Archives for Motorcoach service

Tight Schedules, Part 4: Complementary Paratransit Service

Most motorcoach companies do not provide paratransit service. So learning the nuances of this mode is often limited. But much can be learned from this rarely-creative, inefficient and often dangerous service. Paratransit’s tight schedules, and the reasons for them, provide important lessons for any mode of transportation. In contrast to motorcoach operators, transit agencies have a formal responsibility under the Americans with Disabilities Act (ADA) to provide complementary paratransit service. Most transit agencies contract out these services to private companies. Either way, tight schedules trigger safety compromises. If the victim has an effective attorney, tight schedules are a liability. Ingenuity

Tight Schedules, Part 5: Motorcoach Service

National Bus Trader readers were treated (or subjected) to three brutal installments about tight schedules in the transit, non-emergency medical and paratransit sectors. Apart from motorcoaches deployed in transit service, tight schedules are a problem in only a handful of motorcoach scenarios. Still, coping with them is challenging in Today’s economic and operating environments. Geography, Regulations and Inflexibility In the August, 2003 National Bus Trader article titled “Pi R Squared,” I argued for doubling the size of a single vehicle’s service area by simply expanding the hours-of-service to 12 hours on-duty, an 18-hour span and, most importantly, verification of a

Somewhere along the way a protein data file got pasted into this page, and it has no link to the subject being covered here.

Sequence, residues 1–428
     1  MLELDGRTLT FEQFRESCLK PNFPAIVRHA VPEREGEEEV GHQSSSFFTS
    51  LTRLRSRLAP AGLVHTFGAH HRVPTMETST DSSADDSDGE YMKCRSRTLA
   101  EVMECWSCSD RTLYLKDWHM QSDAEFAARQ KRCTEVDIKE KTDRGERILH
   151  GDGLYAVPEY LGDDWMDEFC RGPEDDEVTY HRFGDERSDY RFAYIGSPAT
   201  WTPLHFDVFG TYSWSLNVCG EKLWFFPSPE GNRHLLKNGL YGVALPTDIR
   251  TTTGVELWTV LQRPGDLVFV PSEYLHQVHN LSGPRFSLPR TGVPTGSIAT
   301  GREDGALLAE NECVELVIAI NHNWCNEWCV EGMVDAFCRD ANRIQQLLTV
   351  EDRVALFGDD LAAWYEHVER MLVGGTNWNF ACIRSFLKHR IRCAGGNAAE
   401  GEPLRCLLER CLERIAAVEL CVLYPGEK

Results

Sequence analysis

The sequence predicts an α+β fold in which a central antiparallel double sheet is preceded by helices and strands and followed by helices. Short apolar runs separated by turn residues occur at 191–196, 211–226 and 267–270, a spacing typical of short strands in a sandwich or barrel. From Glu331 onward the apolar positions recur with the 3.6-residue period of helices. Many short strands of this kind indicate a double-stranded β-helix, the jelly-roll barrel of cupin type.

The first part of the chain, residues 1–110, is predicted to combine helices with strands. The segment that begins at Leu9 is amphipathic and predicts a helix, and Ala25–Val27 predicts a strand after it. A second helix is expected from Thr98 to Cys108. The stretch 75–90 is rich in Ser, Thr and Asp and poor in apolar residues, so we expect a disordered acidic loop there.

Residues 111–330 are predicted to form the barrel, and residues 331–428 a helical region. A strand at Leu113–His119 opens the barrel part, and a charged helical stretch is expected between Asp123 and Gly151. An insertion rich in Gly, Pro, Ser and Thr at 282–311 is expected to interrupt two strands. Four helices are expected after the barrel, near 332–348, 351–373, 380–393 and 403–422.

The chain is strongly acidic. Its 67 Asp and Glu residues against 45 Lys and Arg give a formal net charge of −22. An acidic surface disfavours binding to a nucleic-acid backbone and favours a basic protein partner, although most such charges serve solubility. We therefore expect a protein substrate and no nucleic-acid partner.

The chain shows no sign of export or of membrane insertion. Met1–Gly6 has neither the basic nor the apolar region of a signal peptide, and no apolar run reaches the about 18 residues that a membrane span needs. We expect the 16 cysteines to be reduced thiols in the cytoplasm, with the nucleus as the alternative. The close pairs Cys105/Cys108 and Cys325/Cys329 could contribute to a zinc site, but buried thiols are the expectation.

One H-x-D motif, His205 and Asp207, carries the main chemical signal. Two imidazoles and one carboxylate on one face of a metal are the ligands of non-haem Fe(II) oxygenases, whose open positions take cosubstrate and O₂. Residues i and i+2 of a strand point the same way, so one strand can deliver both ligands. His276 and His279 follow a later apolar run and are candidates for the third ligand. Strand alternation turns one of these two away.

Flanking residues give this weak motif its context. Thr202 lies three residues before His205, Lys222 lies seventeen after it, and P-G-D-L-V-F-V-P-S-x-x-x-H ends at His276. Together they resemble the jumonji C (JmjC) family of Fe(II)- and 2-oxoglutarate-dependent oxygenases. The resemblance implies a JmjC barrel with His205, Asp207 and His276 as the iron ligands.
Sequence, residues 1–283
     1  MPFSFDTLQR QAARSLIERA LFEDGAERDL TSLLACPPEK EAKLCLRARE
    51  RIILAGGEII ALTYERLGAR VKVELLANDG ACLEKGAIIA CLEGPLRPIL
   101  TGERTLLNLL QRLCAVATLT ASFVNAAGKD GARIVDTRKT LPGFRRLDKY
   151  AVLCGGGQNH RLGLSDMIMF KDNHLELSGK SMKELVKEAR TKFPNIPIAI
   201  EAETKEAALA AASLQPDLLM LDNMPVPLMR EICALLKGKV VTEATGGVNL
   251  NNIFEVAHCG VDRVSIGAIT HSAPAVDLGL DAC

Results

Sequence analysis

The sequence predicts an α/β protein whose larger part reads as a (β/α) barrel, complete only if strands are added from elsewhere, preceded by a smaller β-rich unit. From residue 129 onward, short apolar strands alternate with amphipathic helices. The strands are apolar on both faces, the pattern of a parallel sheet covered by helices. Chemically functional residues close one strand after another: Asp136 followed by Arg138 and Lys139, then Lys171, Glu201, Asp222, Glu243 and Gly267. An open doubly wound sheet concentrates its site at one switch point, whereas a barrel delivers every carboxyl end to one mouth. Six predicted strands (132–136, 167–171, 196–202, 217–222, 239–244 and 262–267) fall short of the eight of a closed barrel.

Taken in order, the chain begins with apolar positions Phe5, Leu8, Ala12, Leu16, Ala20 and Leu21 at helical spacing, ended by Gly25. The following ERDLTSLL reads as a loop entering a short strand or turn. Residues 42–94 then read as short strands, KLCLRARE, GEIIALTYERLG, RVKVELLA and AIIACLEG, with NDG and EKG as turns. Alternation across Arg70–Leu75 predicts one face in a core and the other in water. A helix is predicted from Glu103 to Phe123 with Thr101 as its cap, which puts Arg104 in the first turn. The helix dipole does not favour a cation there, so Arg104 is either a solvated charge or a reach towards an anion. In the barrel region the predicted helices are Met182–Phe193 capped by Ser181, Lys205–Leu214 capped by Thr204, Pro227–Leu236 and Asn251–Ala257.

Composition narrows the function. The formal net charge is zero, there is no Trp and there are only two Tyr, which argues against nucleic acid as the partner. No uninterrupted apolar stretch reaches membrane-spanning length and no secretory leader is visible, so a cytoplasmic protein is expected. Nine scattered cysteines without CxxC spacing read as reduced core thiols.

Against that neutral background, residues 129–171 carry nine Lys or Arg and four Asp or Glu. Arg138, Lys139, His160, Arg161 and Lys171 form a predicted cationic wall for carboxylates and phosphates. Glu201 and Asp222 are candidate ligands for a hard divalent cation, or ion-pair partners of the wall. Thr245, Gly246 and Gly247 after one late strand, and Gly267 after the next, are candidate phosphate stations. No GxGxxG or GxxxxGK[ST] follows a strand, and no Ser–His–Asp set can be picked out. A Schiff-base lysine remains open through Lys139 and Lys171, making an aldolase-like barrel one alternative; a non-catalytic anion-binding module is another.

COVID-19, Shenanigans and Liability Part 2: Making Money by Compromising Health

Amtrak, the heavily-subsidized enemy of the motorcoach industry, is now outdoing its airline industry colleagues. But as a quasi-government monopoly, the taxpayers will effectively cover the damages if problems develop. That Amtrak may not even belong in most parts of the country is only a footnote.  The latest development was disclosed formidably in the October 14, 2020 issue of Mass Transit, re-characterizing a story from The Times Union, in Albany, New York. Amtrak’s activities were actually presented as great news: Mass Transit titled its article: “NY: With cutbacks, some Amtrak trains now sold out.” The fact that this feat was